If you asked 100 people what word they would most associate with Valentine’s Day, my guess is that 99 out of 100 would say, “Love” and that’s only if I were that hundredth person.
The word I propose that’s more important than love is “Cherish.” Why do I think so?
Because I believe we have more control over cherishing someone than in loving someone. That is, we can more easily choose to cherish a person than to love a person.
Love is an emotion that for the most part comes over us and then, painfully and all too often, leaves us. Love seems to choose us more than we choose it. This wild uncontrolled aspect of love is captured by terms such as “lovestruck” and images like cupid’s arrow striking its target the heart, and it accounts for such pop song titles as “Victim of love.”
Further, both the “winners” and “losers” of this self-imposed competition against others’ worth or against some ideal – whether self-imposed or imposed by “society” – are in danger of continued and even deepened self-absorption and self-evaluation.
To be blunt – this is a losing strategy. Really there are no winners here.
I’m certainly 100% for love. Who isn’t?! But I believe that cherishing is often more foundational than loving; that is, love follows and is sustained by acts of cherishing. Often we can’t choose to love or not to love. But we can choose to cherish or not to cherish.
When we first meet someone and feel a romantic and physical attraction toward that person, we are under a spell; we are lovestruck. Acts of cherishing may not be that important in that first phase of attraction. It almost doesn’t matter how our beloved acts; even foolish or thoughtless acts of that person may simply add to their uniqueness, their mystique.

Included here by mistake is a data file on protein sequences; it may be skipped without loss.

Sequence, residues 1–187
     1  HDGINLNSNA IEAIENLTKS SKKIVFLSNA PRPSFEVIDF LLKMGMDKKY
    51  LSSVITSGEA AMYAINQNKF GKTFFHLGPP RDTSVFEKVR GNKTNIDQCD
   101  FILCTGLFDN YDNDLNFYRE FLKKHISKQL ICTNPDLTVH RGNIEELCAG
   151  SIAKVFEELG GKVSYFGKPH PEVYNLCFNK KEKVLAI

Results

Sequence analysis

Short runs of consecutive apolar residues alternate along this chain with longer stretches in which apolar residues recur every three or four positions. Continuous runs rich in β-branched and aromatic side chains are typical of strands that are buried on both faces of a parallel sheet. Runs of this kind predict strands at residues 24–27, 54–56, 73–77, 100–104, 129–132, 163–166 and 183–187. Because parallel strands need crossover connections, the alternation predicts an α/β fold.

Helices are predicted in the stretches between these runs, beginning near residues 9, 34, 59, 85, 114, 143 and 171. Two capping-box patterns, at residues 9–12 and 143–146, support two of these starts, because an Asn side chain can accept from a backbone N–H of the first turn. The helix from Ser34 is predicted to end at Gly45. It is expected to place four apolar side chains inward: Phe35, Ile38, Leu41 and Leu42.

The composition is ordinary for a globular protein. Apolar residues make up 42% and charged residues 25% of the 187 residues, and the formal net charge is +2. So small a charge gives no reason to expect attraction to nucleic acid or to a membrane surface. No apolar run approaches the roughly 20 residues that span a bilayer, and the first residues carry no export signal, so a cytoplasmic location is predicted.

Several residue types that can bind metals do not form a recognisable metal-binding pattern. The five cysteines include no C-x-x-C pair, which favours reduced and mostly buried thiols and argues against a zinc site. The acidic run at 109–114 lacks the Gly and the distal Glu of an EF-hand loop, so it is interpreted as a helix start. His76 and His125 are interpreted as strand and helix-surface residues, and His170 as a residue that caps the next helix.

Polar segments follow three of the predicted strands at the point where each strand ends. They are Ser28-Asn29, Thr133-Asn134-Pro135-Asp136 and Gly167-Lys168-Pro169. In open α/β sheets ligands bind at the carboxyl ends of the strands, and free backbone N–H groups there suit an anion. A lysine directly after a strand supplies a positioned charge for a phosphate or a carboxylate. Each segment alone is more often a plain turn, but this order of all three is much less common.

But for anyone in a long-term sustained relationship, those initial intense feelings of love and lust dissipate. Recall the children’s song lyrics, “First comes love, then comes marriage, then comes the baby carriage.” And, of course, then come the years of child rearing with its sleepless nights, chauffeuring days, and, eventually, the years of surly interactions with one’s teenagers.
What sustains a couple after those bright multi-colored pools of love begin to chill and turn murky?
To the rescue comes cherishing. Think of it as a habit of acting in a certain way backed up with a certain intention. Here are some dictionary definitions of “to cherish” to get your thoughts flowing: “to protect and care (for someone) lovingly.” And, “to keep or cultivate with care and affection.” And, “to treat with affection and tenderness.”
I think one reason “cherish” doesn’t get its due is because it has no noun form – I propose cherishment.
So, my advice to me and to you is, let’s remember to cherish our loved ones, that is, let’s put more acts of cherishment into our days on Valentine’s Day and every day.
Until next time,
“If you truly love someone, you will cherish what they despise most about themselves.”
– Deborah Harkness